Results Of The Archaeological Survey Of The Ghor In Search for The Cities Of The Plain -- By: Melvin Grove Kyle

Journal: Bibliotheca Sacra
Volume: BSAC 081:323 (Jul 1924)
Article: Results Of The Archaeological Survey Of The Ghor In Search for The Cities Of The Plain
Author: Melvin Grove Kyle


Results Of The Archaeological Survey Of The Ghor In Search for The Cities Of The Plain

M. G. Kyle

W. F. Albright, Ph.D.

Having reached the Plain by the long journey through eastern Moab as described in the introductory narrative, we proceeded at once to a most thorough search of the traditional sites and any other ruins found, of the water courses and the oases they make possible, of the evidences of the catastrophe, of the changes in Sea level, and especially of the various civilizations that have existed on the Plain as evidenced by the pottery remains.

I. Searching the Ghor

In our researches we covered the southern Ghor very thoroughly from Ghor el-Haditheh at the upper end of the Lisan southward through Ghor el-Mezra’ah, Ghor el-Mureisid, Ghor’Esal, Ghor en-Numeirah, Ghor es-Safi, to Ghor el-Feifa at the southern end of the Plain. In Ghor es-Safi and Ghor el-Feifa we found extensive remains of the early Arabic period, when this region enjoyed the height of its prosperity in the later civilization of the Plain. This prosperity seems to have been due to the importation of Negro slaves, in order to cultivate the plantations of sugar cane and indigo. From a mixture of these slaves the Ghawarneh Bedouin now, in that neighborhood, are descended. There are still Negroes among them and much evidence of Negro blood.

One most important result here was the identification of the ruins Khirbet Sheik ‘Isa and Qasr et-Tubah as the Byzantine and early Arabic Zoar, as already suggested by the geologist Blanckenkorn. The identification is first established by the literary references in Byzantine and Arabic sources, according to which Zoara, or Zughar, lay at the southeastern corner of the Dead Sea, and is then authenticated by the pottery remains of these ruins. Ow-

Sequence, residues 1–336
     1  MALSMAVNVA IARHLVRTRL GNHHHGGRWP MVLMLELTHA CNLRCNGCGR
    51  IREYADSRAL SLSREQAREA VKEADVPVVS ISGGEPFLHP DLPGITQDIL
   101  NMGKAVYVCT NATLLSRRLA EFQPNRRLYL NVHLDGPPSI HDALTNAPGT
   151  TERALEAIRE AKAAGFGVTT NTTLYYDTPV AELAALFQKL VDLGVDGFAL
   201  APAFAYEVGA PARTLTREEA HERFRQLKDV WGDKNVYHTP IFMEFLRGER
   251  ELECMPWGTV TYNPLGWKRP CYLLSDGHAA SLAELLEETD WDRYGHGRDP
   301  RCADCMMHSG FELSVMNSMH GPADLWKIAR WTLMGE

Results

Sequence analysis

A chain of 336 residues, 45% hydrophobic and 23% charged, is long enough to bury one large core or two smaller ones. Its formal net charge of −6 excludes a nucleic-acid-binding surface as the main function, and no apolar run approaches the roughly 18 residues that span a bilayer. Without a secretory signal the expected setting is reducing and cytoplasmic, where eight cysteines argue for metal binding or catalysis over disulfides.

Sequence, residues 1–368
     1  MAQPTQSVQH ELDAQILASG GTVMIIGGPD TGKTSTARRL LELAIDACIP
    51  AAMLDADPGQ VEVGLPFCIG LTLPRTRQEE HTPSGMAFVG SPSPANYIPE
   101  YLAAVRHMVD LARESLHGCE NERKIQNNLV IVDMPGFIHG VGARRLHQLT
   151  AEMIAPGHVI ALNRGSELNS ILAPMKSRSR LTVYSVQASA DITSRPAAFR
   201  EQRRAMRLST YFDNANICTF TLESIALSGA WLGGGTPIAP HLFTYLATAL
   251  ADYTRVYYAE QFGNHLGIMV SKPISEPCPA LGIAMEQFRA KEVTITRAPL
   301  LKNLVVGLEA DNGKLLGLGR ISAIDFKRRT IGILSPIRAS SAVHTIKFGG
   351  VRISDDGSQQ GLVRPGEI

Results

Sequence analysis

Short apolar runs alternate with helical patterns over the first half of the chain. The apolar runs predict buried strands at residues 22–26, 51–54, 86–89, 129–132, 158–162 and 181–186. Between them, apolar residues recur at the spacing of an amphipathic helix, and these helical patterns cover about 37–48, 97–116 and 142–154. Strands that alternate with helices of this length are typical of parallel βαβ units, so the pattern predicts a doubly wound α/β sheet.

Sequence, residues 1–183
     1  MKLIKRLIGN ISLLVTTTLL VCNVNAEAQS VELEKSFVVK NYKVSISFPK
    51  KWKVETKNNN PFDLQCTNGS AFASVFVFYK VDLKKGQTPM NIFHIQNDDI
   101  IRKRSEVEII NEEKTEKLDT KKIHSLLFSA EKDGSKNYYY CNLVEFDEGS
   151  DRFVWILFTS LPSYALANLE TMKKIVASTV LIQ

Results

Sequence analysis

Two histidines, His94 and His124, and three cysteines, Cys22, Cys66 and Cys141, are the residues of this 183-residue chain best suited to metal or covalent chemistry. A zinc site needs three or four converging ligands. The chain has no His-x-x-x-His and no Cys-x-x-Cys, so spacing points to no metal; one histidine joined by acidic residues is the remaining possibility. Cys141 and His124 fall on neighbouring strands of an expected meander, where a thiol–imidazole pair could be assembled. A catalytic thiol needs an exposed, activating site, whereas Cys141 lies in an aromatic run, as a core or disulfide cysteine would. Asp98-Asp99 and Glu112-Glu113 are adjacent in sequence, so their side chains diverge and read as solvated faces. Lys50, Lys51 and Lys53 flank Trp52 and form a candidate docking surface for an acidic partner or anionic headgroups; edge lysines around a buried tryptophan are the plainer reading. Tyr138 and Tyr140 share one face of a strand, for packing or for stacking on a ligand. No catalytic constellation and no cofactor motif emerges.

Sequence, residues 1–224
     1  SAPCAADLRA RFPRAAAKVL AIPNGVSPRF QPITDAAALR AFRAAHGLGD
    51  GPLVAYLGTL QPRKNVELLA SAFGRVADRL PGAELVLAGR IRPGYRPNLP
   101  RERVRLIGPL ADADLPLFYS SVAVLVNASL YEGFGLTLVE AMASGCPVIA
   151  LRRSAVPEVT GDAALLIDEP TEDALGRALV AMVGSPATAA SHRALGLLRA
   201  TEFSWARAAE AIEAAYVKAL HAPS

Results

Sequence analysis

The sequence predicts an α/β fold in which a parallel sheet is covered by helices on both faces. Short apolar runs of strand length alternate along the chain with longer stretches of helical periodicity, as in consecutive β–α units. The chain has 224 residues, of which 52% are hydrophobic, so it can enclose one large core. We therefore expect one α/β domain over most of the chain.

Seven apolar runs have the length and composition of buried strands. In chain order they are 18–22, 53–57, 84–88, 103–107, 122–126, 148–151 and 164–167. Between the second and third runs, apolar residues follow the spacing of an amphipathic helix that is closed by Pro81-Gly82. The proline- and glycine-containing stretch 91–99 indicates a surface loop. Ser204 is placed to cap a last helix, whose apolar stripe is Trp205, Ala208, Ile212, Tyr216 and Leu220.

ing to the excavations for house foundations and for building stone by the Ghawarneh several inscriptions in Greek and probably Kufic, as well as coins from the Byzantine and Arabic periods, have been found. Many sandstone blocks and fragments of pillars, capitals, pilasters, lintels, and other architectural evidence, some bearing crosses, also appear. The pottery is all Byzantine and early Arabic. In the Ghor el-Mezra’ah on the Lisan we found the same evidences of Arabic occupation in the middle ages—ruined towns and villages, ruined sugar mills and other evidences of occupation. We visited the ruined monastery of the Lisan, called el-Geryeh by Musil and established its Byzantine date.

To make sure that the evidence of the depth of debris and character of the surface finds, especially the pottery, did not mislead us, at the Khirbet Sheik ‘Isa, the traditional site of...

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